Dutch King Willem-Alexander visited the Anne Frank House museum Thursday after a two-year reboot to give the building a new entrance hall, redesigned exhibition spaces and a new way of telling the story of the teenage Jewish diarist.
The aim of renewing the landmark museum was to "provide more information about the historical context and background of the story we represent, which is the story of Anne Frank," executive director Ronald Leopold said Wednesday night at a press preview of the renewed museum.
What hasn't changed is the museum's moving centerpiece: the Spartan secret annex, reached via a door concealed behind a bookcase, where Anne wrote her world-famous diary as she, her family and four other Jews hid for two years from Nazis during World War II until they were arrested and deported to concentration camps.
"Of course we did not change the hiding place itself — the annex — which is the most authentic place where Anne Frank was in hiding and where she wrote the diary,'' Leopold said.
The museum believes that telling Anne's story remains relevant more than 60 years after she and her sister both perished in the Bergen-Belsen concentration camp after contracting typhus.
On Wednesday, the head of the European Jewish Congress, Moshe Kantor, warned at a conference in Vienna that ``Jewish communities in Europe are increasingly concerned about their security and pessimistic about their future.''
Leopold said the museum, which receives 1.2 million visitors annually, has an important role to play in combatting anti-Semitism.
"We run a museum and we know how powerful the influence of this museum is," he said. "A visit ... really has a huge impact on young people and encourages them to fight discrimination, anti-Semitism, racism in their own communities."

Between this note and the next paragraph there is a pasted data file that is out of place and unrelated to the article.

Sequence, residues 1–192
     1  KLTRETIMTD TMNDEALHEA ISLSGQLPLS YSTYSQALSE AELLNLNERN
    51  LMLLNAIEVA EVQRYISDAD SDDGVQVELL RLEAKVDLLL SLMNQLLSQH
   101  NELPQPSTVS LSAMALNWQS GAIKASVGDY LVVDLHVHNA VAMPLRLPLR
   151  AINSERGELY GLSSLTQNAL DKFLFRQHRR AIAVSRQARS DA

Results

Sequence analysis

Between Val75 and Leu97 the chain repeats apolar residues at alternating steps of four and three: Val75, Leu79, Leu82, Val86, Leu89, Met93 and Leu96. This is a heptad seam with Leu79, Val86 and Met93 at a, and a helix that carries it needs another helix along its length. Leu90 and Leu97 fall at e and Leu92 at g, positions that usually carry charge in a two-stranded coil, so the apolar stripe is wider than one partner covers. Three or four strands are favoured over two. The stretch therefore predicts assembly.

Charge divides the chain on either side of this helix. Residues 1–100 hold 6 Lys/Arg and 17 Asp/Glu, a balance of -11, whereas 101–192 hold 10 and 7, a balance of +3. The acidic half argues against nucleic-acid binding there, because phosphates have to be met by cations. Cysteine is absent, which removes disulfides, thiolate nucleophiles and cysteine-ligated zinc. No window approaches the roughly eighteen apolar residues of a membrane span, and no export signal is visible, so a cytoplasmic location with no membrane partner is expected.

The museum got a new entrance and changes to rooms including the darkened space that displays the iconic books that made up Anne's diary, which was published by her father after the war and went on to become a symbol of hope and resilience. The diary has been translated into more than 70 languages.
The building housing the secret annex was turned into a museum in 1960. The museum, which remained open throughout the renovations, also has revamped the way it tells the story of the Frank family, and by extension the Nazi persecution of Jews.
"What we tried to do is... use the family history as kind of a window onto a larger history," said Tom Brink, the museum's head of publications and presentations.
He said the larger history includes the Nazi-occupied Dutch capital during the war "and, of course, European history because all Europe was affected by the Nazi rule."
As well as the physical changes, the museum now has an audio tour which pieces together narrated fragments from the diary, family stories and historical perspective. That allowed curators to keep physical exhibits sparse while still explaining the Franks' story and putting it in historical context.
A room that served as the office for Anne's father's company has just a few photos on the wall. One shows a group of Jewish men in Amsterdam kneeling, their hands on their heads, watched over by a Nazi soldier carrying a rifle.
On another wall is a map drawn up by Amsterdam civil servants for the city's Nazi occupiers with black dots representing the places where Jews lived.
"We wanted to preserve the character of the house, which is very much its emptiness," said Leopold. "I think its emptiness is probably the most powerful feature of the Anne Frank House."